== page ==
The findings were published In Nature Neuroscience and are as follows: using a research protocol called the “stop-signal task,” the researchers identified  different neural networks. Even though both groups exhibited impulse control difficulties, the differences were as follows. 1. Those teenagers with a history of alcohol, cigarettes and illegal drug use had diminished activity in the brain region called the orbital frontal cortex. 2. These  researchers found an entirely separate set of impulse control networks in the brain connected with the symptoms of ADHD.  3. The researchers concluded that ADHD and substance abuse teens, although  both groups exhibit similar impulse control behavior, are linked to different neural activity in their brains.

At this point we don’t know why these teens are wired differently. However, likely at some point, much of our story, will likely be associated with all that neuron activity in the prefrontal cortex, limbic system, amygdala, nucleus accumbens, cerebral cortex another brain structures. Understanding the differences or  causes of behavior are important. But, the main task  or the ability to control the self-defeating behavior still remains. First, acknowledge there is a problem, and second, dos something about it. This article was found in the May 1, 2012 edition of the Wall Street Journal.

A cold front appeared along with rain and snow. Being in the foothills, there is still snow in and around my neighborhood. Because of the icy weather conditions, I changed my work out plan. Originally, a group of us were going to run the trails at the Cronin ranch on Sunday. Fortunately, I have an elliptical machine in my home. So for my work out, I did a short hike and spent some time on the elliptical totaling over 13 ½ miles. I must admit that it seemed easy. Until the snow melts, I’m likely to hike the trail and get on my elliptical , while watching a movie.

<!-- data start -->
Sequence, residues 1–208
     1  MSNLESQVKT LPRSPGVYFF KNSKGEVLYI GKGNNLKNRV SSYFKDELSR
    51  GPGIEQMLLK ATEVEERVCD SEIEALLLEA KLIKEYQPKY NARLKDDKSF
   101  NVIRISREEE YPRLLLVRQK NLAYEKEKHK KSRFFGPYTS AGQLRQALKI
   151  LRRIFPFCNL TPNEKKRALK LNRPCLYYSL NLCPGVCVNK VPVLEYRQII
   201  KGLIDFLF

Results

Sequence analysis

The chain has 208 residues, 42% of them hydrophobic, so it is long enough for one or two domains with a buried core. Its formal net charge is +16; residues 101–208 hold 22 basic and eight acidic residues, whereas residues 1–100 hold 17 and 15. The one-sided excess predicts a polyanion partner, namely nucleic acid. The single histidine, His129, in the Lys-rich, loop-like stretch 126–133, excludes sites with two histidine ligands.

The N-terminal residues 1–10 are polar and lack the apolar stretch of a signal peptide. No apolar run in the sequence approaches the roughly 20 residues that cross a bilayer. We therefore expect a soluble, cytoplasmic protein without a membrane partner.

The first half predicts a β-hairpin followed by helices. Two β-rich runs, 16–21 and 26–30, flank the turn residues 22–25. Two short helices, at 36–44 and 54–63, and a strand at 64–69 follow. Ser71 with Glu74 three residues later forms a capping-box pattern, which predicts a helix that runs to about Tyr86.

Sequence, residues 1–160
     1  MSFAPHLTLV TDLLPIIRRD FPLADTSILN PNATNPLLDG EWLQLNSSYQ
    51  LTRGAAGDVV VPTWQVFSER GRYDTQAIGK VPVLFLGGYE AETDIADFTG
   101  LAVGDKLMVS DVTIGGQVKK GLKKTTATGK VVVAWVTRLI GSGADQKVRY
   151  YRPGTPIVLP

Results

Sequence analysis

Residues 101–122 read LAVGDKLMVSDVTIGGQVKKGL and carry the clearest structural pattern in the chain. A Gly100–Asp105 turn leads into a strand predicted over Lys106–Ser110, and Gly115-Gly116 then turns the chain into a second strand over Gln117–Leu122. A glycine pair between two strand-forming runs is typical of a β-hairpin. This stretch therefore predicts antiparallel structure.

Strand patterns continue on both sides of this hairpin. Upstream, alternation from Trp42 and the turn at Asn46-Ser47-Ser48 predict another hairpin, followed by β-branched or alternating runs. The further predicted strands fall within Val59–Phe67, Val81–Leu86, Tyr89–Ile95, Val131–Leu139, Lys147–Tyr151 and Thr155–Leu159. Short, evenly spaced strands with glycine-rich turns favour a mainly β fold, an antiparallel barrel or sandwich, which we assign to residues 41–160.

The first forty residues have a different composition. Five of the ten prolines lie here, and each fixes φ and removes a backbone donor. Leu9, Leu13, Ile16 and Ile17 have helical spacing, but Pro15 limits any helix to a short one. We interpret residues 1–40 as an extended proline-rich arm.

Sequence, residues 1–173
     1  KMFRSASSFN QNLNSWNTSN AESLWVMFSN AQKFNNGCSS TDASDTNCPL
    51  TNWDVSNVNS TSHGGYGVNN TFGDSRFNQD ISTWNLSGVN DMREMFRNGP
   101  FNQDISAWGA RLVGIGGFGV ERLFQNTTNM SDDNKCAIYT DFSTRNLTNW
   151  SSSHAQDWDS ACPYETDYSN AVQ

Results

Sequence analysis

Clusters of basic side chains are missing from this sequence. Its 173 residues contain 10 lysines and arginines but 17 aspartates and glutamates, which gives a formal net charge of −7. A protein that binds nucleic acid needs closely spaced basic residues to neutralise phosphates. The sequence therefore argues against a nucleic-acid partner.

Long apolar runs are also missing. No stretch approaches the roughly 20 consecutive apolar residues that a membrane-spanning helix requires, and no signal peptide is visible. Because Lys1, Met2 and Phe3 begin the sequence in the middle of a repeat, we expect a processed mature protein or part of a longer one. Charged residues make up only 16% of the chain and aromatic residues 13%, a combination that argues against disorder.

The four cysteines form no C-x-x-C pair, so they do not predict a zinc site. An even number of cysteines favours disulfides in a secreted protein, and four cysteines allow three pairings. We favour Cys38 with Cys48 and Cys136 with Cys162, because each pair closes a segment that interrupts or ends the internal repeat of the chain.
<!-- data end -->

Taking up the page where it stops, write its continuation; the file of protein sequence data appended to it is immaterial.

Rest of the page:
In the meantime, I recommend that everyone keep moving, laughing, smiling, deep breathing, bonding, and loving.

Wednesday, December 4, 2013

Birthday #74




"You will not find poetry anywhere unless you bring some of it with you."
– Joseph Joubert


I am pleased to report that for the past few months  I have  relatively pain-free during my conditioning trail runs compared to the last two years. Previously, I was being treated for issues with my Achilles.  Even though I still have some swelling in my Achilles, It doesn’t seem to bother me. As a result, I increased my trail running distance from around 50 miles per week to over 60-70 miles per week. So far so good.

My next scheduled competitive trail run is on New Year’s Day. The distance for that run is 10 miles. I plan to register for the 50 K Jed Smith run in February and the 50 K Way Too Cool In March. So within the next 3 to 4 months, I will have a pretty good idea of my running condition.

I have been blessed with my trail running experience. My  wife Linda accompanies me by riding her Arabian Nails. Also, I run with Tony about three times per week, and at times, we are joined by Chris. Another running friend Madhu has recently returned from India as well. Randall is starting to run again and I hope he joins us too. It certainly, in my experience, is more enjoyable to run and be  with others doing what you love.

On the other hand, I enjoy at times, the solitude of running by myself. It is during this alone  time that I get to think about issues connected to my interviews and my chapters for my upcoming book on “mental toughness, bonding, Bo-Woody, and the University of Michigan versus Ohio State University.” Just recently, I was writing  my conclusion to my interview with Reggie McKenzie. I was incorporating Carl Jung’s idea of the collective unconscious to explain in part Reggie’s drive for superiority , playing both college and professional football. While running, I was  able, to think more  clearly and  put together various ideas in a more coherent fashion. I’m grateful for having the ability to run with it’s many  benefits.

I just graduated to my 75th year and expect to run for many more years. I will keep you  posted. In the meantime, keep moving, laughing, smiling, bonding, deep breathing and loving.